Crest Puckers Up for ‘Kiss Me in 3-D’

Following on the heels of 3-D commercials in the Super Bowl, Crest has launched its first foray into the technology with a Web site promoting its teeth-whitening system., created by Crest agency Digitas and production company Luxurious Animals, gives visitors a “customizable kissing experience.” They choose whether they want to virtually smooch Olivia or Fernando, then choose from six styles — ranging from steamy to cotton candy. The kissing experience includes 3-D special effects. After the makeout session, users are shown a commercial for Crest Whitestrips Advanced Seal whitening system.
The catch: In order to see the Flash effects, users need 3-D glasses. Visitors to the site can still go through the experience, although it won’t be as intense.
“The whole concept of Whitestrips is to give people the confidence to smile,” said Heath Rudduck, executive creative director at Digitas. “We’re looking to find a way to best demo the product attributes. It’s something you need to demo before you understand the benefit.”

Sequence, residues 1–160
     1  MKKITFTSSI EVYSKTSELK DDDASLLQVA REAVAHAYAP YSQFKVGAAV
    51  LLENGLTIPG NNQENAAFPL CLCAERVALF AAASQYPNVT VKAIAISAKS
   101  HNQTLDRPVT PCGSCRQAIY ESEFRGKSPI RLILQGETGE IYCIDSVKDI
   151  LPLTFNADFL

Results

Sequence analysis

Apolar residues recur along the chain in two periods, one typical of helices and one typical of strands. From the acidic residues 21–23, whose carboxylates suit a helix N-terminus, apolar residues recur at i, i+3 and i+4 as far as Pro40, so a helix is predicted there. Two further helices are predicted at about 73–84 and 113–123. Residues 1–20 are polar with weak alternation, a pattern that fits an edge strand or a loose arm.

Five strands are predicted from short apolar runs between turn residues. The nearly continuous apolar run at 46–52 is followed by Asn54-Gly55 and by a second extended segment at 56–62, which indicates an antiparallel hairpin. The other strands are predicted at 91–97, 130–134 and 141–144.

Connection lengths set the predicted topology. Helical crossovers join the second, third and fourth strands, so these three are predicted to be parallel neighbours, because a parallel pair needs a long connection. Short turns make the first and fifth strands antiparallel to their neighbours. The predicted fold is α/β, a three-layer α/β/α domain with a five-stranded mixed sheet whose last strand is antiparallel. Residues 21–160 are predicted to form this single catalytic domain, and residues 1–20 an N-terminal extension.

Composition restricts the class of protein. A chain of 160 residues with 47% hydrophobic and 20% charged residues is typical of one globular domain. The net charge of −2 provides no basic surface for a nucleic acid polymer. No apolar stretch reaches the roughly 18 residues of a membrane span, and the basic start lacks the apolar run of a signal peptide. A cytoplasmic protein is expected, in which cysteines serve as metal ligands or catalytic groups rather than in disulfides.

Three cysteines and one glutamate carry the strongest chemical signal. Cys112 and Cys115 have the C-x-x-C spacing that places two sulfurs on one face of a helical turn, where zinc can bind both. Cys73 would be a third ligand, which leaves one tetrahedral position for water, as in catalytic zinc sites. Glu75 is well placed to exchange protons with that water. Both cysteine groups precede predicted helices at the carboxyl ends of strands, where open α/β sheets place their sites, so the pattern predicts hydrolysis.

The 3-D technology is used to create effects like steam, a shooting arrow and blown bubbles.
After the video actors demonstrate their kissing techniques, they remove the Whitestrips from their teeth. This is meant to address a concern many have with the product: not being able to go about their day-to-day activities wearing the strips.
The Procter & Gamble brand hopes to get out in front of a 3-D revival. Pepsi aired a 3-D spot on the Super Bowl for SoBe, and NBC aired an episode of Chuck in 3-D last night. Moviemakers, however, are leading the charge. Disney has four 3-D movies slated for release this year, including Monsters vs. Aliens, which was promoted in a 3-D spot on the Super Bowl. Titanic director James Cameron is shooting a 3-D film for release in December.
“We noticed there was a lot happening with 3-D,” said Laura Brinker, a representative for Crest. “That was a relevant trend to latch onto. We thought we could bring the benefit of the product to life in a relevant way.”
The hope is that enough consumers who visit already have 3-D glasses. Pepsi planned to distribute 125 million pairs, produced by Intel, before the Super Bowl. Crest is not distributing glasses.
“The nice thing about this technology is you’re not going to have a disastrous experience without the glasses,” said Rudduck.
Few Web sites have been built with true 3-D capabilities. Minneapolis agency Colle + McVoy produced a 3-D venue, requiring glasses, for the holidays at